To facilitate the banding and tagging of adult kestrels in our region, Anthony Hill, our master bander, and Grace Goodwin-Boyd, our AmeriCorps service member, repeatedly visited a select number of occupied boxes with the pole camera and reported their findings to Andrew and a UMass researcher so they could attempt a tagging session. In the end, they couldn’t make it out to any KLT boxes. However, Arcadia adopted our pole camera technique for efficient box checks, and a male kestrel was fitted with a
radio tag at Arcadia in late June. We’ll let you know if we hear anything about this bird’s movements!
1 Box, 8 Eggs. Another first this year was seeing 8 eggs in one nest box. Typical kestrel clutches are 4 or 5 eggs, so this really caught our attention and we wondered what would happen. I hoped that only 5 eggs would hatch, as I doubted the kestrel pair would be able to succeed in feeding eight hungry chicks. Turns out that’s exactly what happened—we banded five healthy chicks at Box 7 and found 3 unhatched eggs. This outcome may not be typical. I ran across a 2021 peer-reviewed article online on this topic, here is the abstract:
“The clutch size of the American Kestrel (Falco sparverius) has been well studied across a range of latitudes and habitats and typically is 4 or 5 eggs. Neither polygyny nor brood parasitism has been reported for the species. I report here 3 instances of supernormal clutches, of 8 or 9 eggs, documented in kestrel nest boxes in north-central Florida and discuss 4 possible explanations for these observations. In 2 nests only 1 egg hatched, and in 1 nest none of the eggs hatched. Although I was unable to make a conclusive finding about the cause for supernormal clutches, it is likely that they were laid by more than 1 female, either cooperatively or non-cooperatively.” (Karl E. Miller “Supernormal clutches of American Kestrels (Falco sparverius) in peninsular Florida,” The Wilson Journal of Ornithology 132(2), 438-441, (5 February 2021).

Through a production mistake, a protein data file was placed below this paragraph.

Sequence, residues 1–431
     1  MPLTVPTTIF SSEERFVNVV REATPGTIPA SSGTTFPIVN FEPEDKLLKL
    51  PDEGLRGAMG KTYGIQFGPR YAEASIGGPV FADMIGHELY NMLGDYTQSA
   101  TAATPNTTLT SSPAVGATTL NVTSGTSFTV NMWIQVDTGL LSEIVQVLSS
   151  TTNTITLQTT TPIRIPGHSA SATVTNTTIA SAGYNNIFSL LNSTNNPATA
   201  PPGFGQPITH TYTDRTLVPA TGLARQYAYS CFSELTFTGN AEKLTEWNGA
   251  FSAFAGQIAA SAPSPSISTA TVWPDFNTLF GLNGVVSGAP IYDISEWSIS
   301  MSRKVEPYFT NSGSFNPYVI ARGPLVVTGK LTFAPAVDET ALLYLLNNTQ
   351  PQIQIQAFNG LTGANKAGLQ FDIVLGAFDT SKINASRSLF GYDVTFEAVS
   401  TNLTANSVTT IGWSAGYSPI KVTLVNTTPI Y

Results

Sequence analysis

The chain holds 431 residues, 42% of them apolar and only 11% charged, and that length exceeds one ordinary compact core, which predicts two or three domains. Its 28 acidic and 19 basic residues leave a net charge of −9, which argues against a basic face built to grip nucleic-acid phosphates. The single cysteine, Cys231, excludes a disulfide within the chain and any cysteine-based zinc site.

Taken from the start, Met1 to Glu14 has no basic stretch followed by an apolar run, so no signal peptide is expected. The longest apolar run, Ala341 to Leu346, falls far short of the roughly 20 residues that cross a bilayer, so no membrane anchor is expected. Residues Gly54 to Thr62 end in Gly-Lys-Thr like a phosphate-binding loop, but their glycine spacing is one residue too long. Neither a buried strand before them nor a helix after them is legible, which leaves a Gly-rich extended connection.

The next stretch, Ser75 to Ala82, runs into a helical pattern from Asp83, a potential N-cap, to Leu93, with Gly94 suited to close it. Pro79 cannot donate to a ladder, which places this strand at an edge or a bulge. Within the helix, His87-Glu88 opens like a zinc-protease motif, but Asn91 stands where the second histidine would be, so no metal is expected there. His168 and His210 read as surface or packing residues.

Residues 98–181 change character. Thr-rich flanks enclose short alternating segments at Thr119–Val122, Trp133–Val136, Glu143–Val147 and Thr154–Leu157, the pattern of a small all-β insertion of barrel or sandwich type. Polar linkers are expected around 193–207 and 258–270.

The “R” Tag Bird Returns. You may recall that in 2020, at Quonquont Farm, an adult female with a distinctive wing tag labeled “R” was observed via the nestbox cam in Box 23 near the farm buildings. This bird was banded in New Jersey in 2018. She was featured in the many “nest-cam” photos captured by Allison Bell of the activities in this box as the pair raised 5 chicks in 2020 (view a video here).
Then in 2021, Box 23 was occupied by a different female, and her 4 eggs never hatched. Meantime, the “R” tag bird was found using Box 24 in a quiet back field at Quonquont. She laid 5 eggs, 4 of which hatched. This was the first year Box 24 was used following its installation in 2019.
This year, the “R” tag female returned, selecting another box at Quonquont Farm, Box 25 in the remotest field yet. Ever the pioneer, this female was the first to use Box 25 following its 2019 installation. She laid 5 eggs. They all hatched and the chicks were banded. This kestrel has now sampled every box at Quonquont Farm and raised 3 clutches of chicks. We can’t wait to see what she does next!
Two Breeding Pairs at Quonquont Farm. Fortunately, this year Box 24 at Quonquont was selected by a different female kestrel, who also raised a clutch of 5 chicks. That makes this the first year that more than one of Quonquont’s 3 boxes was used by kestrels!
You can see many more photos and details here!
As always, many thanks to all our box hosts and volunteers for your support of this project.